News Brief

More Questions Than Answers in Report on Reflective Pavements

A report funded by the asphalt industry warns there could be consequences from solar radiation bounced off reflective pavements.

Added UV radiation and visual glare for pedestrians are among the many potential impacts researchers list as reasons to re-evaluate reflective pavements.

Photo: Gardnergp. License: CC BY 2.0.
A white paper funded by The National Asphalt Pavement Association and the State Asphalt Pavement Associations recently drew attention by asserting that reflective pavements, which are promoted in programs like LEED for mitigating the urban-heat-island effect, could be doing more harm than good. However, the conclusions drawn from limited field research are sketchy, raising questions about whether the asphalt industry introduced bias.

The report, titled “Unintended Consequences: A Research Synthesis Examining the Use of Reflective Pavements to Mitigate the Urban Heat Island Effect,” argues that non-roof pavement with a high solar reflective index (SRI) may reflect solar radiation in a way that creates undesired ground-level impacts—chief among them increased cooling loads from reflected heat absorbed by adjacent buildings.

However, as co-author Zhihua Wang, Ph.D., himself told EBN, the report’s literature review is focused on one side of the story,” and the research is preliminary. For example, to study how effectively reflective pavements reduce overlying air temperatures, the researchers monitored air temperatures just five feet above small, 12' x 12' sections of reflective and non-reflective surfaces. Unsurprisingly, they found little difference in air temperatures. “The [field research] is not very representative of the heat-island effect,” according to Wang. “It is more representative of general physics.”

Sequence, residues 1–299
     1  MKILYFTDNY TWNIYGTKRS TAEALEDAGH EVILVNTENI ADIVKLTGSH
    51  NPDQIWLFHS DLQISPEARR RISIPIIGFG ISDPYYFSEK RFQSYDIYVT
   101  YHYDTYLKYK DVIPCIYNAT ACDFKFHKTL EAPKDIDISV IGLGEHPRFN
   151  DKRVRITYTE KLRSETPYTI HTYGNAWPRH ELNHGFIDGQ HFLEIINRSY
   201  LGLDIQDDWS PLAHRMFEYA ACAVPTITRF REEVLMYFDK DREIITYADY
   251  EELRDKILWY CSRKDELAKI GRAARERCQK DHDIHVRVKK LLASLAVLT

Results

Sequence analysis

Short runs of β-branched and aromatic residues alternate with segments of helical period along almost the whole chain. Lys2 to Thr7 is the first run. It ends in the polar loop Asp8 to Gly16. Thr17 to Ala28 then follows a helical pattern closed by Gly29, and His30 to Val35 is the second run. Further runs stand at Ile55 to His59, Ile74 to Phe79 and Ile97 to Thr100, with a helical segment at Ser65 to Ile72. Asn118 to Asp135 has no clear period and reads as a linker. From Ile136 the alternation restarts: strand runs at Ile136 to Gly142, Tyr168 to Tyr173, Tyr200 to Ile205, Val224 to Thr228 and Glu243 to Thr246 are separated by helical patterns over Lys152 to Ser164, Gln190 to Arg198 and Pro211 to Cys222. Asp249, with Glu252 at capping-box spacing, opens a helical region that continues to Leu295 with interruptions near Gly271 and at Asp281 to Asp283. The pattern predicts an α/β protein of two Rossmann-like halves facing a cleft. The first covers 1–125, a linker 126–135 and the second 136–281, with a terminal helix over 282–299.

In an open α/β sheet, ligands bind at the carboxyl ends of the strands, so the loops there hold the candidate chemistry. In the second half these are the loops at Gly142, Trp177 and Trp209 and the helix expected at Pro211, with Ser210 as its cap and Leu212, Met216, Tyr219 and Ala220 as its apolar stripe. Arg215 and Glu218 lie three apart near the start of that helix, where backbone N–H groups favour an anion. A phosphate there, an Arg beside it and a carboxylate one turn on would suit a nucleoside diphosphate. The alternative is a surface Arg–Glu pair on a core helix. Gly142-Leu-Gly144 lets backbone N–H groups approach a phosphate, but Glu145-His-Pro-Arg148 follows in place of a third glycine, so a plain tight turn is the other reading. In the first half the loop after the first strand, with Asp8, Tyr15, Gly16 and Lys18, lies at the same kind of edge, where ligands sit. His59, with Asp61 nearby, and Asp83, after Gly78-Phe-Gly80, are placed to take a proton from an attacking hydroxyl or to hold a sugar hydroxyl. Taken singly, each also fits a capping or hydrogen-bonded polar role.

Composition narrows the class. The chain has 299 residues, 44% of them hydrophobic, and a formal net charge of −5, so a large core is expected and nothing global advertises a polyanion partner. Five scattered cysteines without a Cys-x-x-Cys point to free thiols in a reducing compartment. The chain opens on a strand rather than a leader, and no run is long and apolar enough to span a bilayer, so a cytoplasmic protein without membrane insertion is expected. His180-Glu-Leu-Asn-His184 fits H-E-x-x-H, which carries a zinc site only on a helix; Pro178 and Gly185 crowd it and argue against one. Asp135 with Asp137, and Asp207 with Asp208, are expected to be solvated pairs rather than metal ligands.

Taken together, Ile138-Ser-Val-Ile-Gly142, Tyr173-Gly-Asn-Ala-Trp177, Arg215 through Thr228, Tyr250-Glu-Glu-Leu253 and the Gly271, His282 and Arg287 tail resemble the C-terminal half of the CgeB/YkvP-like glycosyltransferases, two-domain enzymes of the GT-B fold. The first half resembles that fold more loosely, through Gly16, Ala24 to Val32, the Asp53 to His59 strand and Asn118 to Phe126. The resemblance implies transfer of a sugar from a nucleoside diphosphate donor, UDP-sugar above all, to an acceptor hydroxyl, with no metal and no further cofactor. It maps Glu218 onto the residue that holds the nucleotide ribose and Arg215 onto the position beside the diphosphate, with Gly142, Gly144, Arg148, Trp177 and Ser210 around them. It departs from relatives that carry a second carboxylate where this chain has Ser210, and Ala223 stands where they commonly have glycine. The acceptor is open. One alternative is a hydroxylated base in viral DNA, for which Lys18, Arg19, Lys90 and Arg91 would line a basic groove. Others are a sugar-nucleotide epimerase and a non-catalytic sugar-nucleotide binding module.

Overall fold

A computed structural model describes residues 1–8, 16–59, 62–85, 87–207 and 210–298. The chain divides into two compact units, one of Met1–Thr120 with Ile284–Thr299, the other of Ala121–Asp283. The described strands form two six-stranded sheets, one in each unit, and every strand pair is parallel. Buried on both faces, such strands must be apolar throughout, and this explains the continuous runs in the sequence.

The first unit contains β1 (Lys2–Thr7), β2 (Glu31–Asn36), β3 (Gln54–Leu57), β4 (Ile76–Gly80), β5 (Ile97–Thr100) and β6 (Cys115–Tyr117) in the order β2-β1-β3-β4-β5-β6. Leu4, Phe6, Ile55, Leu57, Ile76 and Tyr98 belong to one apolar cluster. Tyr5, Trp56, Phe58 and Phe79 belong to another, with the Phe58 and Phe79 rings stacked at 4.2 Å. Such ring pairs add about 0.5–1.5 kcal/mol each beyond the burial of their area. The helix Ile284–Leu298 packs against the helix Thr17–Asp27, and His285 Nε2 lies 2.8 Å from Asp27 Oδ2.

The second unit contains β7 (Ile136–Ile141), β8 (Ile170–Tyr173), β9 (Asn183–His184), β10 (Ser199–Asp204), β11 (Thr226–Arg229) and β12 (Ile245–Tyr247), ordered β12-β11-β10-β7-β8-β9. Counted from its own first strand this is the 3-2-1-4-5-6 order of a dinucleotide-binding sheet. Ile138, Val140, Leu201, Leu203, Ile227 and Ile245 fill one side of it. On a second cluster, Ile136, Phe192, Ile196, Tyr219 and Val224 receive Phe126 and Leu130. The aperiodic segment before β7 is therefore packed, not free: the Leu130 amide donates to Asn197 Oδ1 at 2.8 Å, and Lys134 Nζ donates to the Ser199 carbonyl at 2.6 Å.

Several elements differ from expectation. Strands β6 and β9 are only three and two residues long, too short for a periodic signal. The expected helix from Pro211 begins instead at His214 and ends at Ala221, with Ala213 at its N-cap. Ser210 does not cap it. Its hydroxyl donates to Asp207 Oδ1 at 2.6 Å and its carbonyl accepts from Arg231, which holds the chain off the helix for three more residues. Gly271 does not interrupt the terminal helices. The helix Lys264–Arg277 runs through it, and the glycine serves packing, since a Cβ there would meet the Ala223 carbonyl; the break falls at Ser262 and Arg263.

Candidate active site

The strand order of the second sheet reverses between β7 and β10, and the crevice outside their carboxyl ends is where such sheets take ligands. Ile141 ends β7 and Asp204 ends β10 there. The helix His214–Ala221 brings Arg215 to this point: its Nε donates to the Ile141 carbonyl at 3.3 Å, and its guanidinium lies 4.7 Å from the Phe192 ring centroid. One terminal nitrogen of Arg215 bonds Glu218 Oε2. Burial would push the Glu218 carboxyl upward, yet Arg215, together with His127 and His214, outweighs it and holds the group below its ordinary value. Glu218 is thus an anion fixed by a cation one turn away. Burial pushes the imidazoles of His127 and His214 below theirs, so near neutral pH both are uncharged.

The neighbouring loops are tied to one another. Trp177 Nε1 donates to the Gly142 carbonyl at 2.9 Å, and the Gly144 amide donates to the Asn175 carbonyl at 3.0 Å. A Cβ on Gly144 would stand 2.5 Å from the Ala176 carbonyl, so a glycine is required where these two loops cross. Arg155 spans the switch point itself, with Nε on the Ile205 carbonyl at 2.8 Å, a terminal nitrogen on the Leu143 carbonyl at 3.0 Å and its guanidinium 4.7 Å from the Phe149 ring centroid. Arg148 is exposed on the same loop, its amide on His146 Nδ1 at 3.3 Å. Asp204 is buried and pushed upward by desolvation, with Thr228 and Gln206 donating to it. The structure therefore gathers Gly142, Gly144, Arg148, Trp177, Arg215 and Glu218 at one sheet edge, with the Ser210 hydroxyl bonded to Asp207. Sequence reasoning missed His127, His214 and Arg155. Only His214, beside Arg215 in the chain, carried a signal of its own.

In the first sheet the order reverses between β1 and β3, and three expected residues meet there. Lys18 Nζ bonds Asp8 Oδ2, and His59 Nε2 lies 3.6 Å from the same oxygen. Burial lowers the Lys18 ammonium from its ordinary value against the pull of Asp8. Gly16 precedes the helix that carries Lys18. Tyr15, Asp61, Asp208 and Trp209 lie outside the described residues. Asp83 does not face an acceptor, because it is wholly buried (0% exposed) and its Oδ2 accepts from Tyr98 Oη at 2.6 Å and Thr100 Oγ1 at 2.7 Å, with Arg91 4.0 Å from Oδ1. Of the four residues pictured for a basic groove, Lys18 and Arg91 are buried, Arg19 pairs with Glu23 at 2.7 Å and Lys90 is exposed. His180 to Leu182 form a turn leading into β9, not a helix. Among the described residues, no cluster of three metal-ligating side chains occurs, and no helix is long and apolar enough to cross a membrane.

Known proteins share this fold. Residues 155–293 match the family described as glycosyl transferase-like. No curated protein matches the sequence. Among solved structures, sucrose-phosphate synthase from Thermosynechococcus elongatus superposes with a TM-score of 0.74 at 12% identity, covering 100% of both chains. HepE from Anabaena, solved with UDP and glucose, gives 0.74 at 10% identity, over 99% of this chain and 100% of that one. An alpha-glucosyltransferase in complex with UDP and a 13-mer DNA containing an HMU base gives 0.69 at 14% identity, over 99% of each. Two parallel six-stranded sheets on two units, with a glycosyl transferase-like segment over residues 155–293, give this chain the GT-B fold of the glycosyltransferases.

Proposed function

That said, Wang supports the report’s conclusion that porous asphalt and pervious concrete are likely better materials to mitigate the urban-heat-island effect because of their lower nighttime surface temperature, as observed in the same study. The authors plan to publish their research for peer review.

Published February 3, 2014

Pearson, C. (2014, February 3). More Questions Than Answers in Report on Reflective Pavements. Retrieved from

Add new comment

To post a comment, you need to register for a BuildingGreen Basic membership (free) or login to your existing profile.


February 26, 2014 - 4:38 pm

The Global Cool Cities Alliance has issued a letter to Arizona State University calling this report “deeply flawed” and requesting that it be retracted or submitted for peer review. A fact checking document identifying 60 major problems with the report can be downloaded on the GCCA website. Criticisms include that the authors exclude a large body of research and do not support their own claims.